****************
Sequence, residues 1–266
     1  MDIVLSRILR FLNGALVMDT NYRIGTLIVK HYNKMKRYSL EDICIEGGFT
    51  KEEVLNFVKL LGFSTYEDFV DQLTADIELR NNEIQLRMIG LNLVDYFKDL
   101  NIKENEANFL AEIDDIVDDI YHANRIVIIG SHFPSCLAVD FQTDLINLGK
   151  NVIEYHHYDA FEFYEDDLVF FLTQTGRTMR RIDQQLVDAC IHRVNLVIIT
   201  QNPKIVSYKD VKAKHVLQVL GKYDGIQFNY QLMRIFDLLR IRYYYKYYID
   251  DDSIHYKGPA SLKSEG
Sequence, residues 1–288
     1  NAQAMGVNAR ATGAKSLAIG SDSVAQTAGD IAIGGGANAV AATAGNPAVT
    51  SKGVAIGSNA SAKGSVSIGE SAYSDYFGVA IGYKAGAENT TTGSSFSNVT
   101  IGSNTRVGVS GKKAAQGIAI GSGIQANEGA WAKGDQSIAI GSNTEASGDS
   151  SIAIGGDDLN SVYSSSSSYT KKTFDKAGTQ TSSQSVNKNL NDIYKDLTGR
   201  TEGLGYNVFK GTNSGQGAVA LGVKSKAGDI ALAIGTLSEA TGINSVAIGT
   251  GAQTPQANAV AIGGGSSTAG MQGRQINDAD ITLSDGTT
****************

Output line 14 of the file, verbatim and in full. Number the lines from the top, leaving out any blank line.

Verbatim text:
   251  GAQTPQANAV AIGGGSSTAG MQGRQINDAD ITLSDGTT